I thought I was really on to something this week, writing about creative ways to measure special objects, or ways to make an object's measurements memorable. What better use of our elementary math skills than to invent new units of measure when we grow up?
But today I was bummed (look it up, kids) when I discovered the Wikipedia page entitled:
List of unusual units of measurement
Someone(s)'ve already written these things down. The Big Mac Index. The Jiffy. The Fully-laden 747. And explained them! It might make an interesting read for you, but I'm not here just to provide links to other people's stuff - I want to create my own.
Therefore, I hereby make up my own unit of measure - THE JOE. And I will explain why, in pictures.
Here we have some reels of wire or tubing. And a compressor. Distance, weight, compressed air pressure? What units do we use to measure this?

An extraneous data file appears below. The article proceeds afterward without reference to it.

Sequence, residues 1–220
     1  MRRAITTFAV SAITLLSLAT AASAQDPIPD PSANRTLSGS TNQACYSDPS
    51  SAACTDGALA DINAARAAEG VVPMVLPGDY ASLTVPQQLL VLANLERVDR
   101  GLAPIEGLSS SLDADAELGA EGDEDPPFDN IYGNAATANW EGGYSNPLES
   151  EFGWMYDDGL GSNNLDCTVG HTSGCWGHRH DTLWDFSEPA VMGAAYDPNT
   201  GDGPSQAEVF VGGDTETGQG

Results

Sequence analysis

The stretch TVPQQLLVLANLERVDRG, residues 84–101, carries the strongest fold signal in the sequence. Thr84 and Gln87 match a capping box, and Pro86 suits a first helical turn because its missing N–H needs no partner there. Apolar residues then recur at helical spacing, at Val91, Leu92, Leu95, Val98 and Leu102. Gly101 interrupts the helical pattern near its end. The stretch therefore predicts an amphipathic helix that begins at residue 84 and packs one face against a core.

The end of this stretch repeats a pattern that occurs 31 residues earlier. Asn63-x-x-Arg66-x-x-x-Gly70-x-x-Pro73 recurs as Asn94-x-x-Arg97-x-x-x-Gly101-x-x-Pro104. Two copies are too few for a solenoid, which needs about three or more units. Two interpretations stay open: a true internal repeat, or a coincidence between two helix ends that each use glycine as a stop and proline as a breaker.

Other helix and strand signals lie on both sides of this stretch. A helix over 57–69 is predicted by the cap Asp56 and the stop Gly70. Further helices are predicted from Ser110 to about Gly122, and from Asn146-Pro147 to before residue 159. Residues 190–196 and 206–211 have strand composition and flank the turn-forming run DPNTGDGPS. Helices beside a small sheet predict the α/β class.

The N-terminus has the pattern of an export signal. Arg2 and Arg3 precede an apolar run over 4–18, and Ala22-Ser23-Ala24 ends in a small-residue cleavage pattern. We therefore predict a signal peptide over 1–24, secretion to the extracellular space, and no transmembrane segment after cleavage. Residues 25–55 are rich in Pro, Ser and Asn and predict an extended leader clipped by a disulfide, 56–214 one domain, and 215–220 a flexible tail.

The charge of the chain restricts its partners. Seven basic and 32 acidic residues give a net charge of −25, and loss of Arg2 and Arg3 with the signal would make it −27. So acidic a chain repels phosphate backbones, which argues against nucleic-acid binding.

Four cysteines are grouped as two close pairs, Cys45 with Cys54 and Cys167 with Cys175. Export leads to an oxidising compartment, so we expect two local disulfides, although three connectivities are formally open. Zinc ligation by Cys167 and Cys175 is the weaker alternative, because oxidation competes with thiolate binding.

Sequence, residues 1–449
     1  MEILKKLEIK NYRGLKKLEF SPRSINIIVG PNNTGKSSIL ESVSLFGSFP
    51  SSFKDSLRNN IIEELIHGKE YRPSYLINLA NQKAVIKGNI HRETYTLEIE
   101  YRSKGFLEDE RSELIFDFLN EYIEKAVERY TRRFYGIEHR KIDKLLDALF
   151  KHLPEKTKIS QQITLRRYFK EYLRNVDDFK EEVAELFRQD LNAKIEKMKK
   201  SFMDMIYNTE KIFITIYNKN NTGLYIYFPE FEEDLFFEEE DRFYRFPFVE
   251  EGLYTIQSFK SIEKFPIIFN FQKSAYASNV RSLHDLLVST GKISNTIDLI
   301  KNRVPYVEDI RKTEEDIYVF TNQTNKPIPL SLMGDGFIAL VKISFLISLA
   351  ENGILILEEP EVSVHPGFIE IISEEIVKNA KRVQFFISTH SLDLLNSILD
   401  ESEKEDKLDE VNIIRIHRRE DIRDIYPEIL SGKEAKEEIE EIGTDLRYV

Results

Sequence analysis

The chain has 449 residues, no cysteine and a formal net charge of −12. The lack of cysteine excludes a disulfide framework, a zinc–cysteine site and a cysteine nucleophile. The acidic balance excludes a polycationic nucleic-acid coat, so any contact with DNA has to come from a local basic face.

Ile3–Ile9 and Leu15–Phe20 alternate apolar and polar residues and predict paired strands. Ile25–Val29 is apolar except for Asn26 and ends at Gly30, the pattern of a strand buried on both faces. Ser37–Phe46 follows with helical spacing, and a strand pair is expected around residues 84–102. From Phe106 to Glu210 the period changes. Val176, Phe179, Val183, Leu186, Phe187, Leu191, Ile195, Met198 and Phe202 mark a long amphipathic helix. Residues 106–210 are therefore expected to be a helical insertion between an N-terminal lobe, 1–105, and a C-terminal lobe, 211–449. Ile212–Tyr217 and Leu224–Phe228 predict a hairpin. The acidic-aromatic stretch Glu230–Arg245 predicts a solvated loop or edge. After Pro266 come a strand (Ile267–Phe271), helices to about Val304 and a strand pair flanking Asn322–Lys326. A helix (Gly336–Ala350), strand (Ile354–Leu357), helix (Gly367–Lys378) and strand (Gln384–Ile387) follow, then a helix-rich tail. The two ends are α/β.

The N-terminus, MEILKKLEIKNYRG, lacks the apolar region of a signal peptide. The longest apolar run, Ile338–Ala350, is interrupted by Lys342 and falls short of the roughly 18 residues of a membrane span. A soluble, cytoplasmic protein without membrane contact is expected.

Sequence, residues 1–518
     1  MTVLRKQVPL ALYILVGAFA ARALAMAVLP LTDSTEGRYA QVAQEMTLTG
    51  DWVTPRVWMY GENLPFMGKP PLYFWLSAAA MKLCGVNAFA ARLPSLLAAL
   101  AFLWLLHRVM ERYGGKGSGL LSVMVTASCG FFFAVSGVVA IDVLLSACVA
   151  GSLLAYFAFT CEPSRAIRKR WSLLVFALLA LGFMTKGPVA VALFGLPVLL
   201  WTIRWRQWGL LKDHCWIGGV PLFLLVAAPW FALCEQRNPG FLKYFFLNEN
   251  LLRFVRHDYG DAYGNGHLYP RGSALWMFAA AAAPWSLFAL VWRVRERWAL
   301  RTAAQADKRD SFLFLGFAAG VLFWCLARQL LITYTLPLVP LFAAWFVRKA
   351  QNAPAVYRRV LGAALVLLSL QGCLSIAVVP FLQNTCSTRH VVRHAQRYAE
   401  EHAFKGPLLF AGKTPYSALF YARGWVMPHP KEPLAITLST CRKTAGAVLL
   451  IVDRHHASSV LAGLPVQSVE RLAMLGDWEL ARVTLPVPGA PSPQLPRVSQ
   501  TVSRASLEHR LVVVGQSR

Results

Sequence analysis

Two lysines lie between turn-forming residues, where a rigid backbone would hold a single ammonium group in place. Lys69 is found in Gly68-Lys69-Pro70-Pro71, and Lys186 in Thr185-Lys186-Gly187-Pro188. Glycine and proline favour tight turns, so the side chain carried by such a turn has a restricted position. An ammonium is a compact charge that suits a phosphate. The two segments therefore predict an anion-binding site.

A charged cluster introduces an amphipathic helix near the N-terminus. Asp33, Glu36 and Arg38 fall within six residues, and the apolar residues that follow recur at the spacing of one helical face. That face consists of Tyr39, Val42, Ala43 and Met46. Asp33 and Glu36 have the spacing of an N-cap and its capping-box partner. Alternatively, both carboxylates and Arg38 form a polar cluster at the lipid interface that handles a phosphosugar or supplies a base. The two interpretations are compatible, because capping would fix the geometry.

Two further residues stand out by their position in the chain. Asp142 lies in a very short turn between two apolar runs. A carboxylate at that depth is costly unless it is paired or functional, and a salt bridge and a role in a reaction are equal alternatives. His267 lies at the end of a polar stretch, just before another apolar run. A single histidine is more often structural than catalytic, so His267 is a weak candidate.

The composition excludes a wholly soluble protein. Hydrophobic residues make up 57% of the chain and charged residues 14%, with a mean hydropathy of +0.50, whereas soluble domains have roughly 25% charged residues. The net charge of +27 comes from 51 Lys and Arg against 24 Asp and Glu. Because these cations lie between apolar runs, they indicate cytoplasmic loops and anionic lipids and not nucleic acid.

Here are some giant tanks, and some books, and electronic gear. Gallons? Pages? Kilovolts? Tons?
I can't even begin to collect the words to describe this conglomeration of goods. However, I did notice that lots of the stuff is in crates like this one.
All this stuff belongs to a surplus goods merchant named Joe. Therefore, my new unit, THE JOE represents about 4 x 4 x 4 or 64 cubic feet of miscellaneous STUFF.
Joe rents all this yellow area (space in a warehouse). The ceilings are 20 feet high. I reckon that's 144,000 cubic feet.
Q. How many JOEs can fit in 144,000 cubic feet?
PS - in Excel Math we help kids learn that you can't normally mix the items being described by units - or as we say, "you can't combine apples and oranges".